Role of religious leaders in development

Bipasha Dutta | Updated at 12:09am on September 17, 2019

RELIGIOUS leaders can play both positive and negative role for changing the lives of communities. For having leadership influence, long term community presence and reachability to the community people, they instantly can disseminate development massagers to a great number of people. At the same time, they may also oppose new thoughts and become barriers to social development. Social development is closely related with existing social norms. Research shows that harmful existing religious, traditional and cultural norms play a vital role for perpetuating detrimental traditional practices like promoting early marriage and violence against children. In the context of Bangladesh, engaging the religious leaders to increase awareness on child rights, positive disciplining, child labour and to influence cultural norms could be a very effective strategy.

Research shows that in Rajshashi district, 5 per cent of 10-14 years old children (boys: 8.6 per cent and girls 1 per cent) are engaged in child labour (2016). Another research shows, in Paba Upazila of Rajshashi District, 1.26 per cent and 12.71 per cent of the total children drop out of primary and secondary school respectively. About 72 per cent of the families had arranged early marriage of their daughters even before the age of 14 (2016).

Thus, with the goal of bringing positive changes in the lives of the children by utilising the influence of the religious leader, World Vision Bangladesh (an international faith based non governmental ogranisation) has implemented a Faith Led Child Development Project (2018-19) in three sub-districts (Paba, Tanore, Godagari) of Rajsahshi District. The project worked in three particular areas, children’s moral development, celebrating families and cultivating channels of hope for child Protection.

‘Celebrating Families’ is an unique component of capacitating parents, teacher, and children’s care giver, religious leaders and all the concerned stakeholders with updated information and knowledge regarding child protection in light of the morals of their own religion. For dissemination of the knowledge, 32 stakeholders including seven religious leaders were trained as the chief trainer. These chief trainers trained 292 religious leaders, teacher, social worker and members of village development committee. Besides, 2127 parents learnt about how to raise an ideal family through workshop. Most importantly, religious leaders conducted session for parents on proper child care.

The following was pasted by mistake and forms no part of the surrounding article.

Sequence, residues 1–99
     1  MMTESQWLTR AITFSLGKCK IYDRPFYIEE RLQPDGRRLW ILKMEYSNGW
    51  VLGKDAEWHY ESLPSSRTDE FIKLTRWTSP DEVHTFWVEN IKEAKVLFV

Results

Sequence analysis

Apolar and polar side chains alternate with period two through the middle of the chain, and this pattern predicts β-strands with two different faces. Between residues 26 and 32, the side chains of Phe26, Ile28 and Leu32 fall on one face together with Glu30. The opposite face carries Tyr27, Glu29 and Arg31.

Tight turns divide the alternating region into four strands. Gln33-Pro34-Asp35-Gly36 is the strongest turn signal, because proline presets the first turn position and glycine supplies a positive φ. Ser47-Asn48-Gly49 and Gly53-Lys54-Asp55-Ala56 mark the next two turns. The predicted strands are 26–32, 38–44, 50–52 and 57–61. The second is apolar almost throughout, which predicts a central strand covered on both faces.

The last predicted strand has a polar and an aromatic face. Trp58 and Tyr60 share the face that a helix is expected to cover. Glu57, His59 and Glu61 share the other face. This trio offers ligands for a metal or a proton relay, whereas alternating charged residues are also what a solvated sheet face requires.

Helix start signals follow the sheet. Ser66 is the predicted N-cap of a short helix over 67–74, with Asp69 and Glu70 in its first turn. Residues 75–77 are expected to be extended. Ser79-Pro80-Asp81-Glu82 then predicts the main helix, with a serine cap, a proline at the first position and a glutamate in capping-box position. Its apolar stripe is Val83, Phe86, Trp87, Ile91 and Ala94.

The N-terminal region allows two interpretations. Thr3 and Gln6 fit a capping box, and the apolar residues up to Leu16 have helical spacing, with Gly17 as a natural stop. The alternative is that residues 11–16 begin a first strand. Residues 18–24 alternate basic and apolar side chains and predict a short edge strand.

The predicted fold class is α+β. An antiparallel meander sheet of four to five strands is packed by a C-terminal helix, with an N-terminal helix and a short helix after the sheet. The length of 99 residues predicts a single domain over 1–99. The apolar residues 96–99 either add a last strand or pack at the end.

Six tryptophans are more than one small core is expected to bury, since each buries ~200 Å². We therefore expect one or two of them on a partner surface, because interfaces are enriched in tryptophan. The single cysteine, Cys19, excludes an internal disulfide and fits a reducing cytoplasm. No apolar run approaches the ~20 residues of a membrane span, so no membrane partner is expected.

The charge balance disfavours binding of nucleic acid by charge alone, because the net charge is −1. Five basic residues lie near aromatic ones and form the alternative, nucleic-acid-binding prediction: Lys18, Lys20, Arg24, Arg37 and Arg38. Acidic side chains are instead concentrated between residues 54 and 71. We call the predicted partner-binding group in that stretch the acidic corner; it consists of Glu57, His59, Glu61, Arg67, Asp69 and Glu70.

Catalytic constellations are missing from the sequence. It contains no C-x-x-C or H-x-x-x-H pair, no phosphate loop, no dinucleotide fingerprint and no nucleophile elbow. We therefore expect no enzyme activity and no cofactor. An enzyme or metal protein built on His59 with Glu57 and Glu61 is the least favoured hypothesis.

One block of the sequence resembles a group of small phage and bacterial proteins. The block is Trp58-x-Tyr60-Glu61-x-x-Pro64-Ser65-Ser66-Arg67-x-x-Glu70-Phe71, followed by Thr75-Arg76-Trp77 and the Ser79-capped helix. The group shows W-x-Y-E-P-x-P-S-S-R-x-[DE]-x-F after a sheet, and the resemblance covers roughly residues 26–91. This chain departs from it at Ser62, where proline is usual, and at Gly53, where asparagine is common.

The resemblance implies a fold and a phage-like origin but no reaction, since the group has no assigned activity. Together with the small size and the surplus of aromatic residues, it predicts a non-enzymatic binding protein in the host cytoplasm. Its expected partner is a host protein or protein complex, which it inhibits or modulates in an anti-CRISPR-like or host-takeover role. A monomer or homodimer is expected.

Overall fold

Through the activities under this project, 173 religious leaders were trained and training module considered religious background of the trainee. Later the trained leaders from Community Hope Action Team committees worked towards the moral development of children. This committee already supported 1118 vulnerable and poor children and 3816 families became aware on the parent’s responsibilities toward children and all forms of abuse and violence against children. About 2,026 people were made aware of child protection issues during the Friday prayer. One religious leader said, ‘I preach about child protection, child abuse, child marriage from religious perspective in mosque two times in a month during Jumma.Besides, I share the message in mass gathering such as Eid Ul Fitr, Eid Ul Adha prayers. ’

So far, 458 incidents of physical violence and violence against children were prevented by this CHAT committee. 408 child marriages were stopped through increased awareness of the parents or informing the local law enforcement agency or local government representatives. Thus CHAT committee became a platform for raising their voice against all sorts of violence against children.

Ruma Khatun (class six) is one among these 408 children. Her parents arranged her marriage. When marriage registered identified that the would be bride was a child, the registered called the CHAT committee members. They informed the Local Union Parishad Chairman and finally Police was called to stop the wedding ceremony. In addition, they worked for increasing awareness on the negative impact of child marriage among the parents. After counselling the girl is now going to school again and continuing her studies.

However, engaging religious leaders in development activities often a cumbersome task. For instance, when religious leader Taher of a madrasa of Soronjai Union was invited to get involved in the project, he refused to engage with a Christian organisation. Even, he discouraged his students and their guardians from supporting WVB. However ‘Faith Leaders Catalysing’ meeting on child rights and child protection facilitated by trained religious leaders transformed his perspective. He recognised that empowering most vulnerable children with the values of religion is exactly the same mission he believes in. Currently, he is working as one of the CHAT committee members and actively supporting children’s cause. 

In Bangladesh, religious leaders spread superstitious beliefs and misinterpreted explanation from religious texts that help perpetuating the harmful norms responsible for child abuse. However, the story from the project reveals again that the potential and knowledge of the religious leaders could be a key asset for social development, if they are guided and trained properly. 

 

Bipasha Dutta is the national coordinator of knowledge management, research and innovation at World Vision Bangladesh.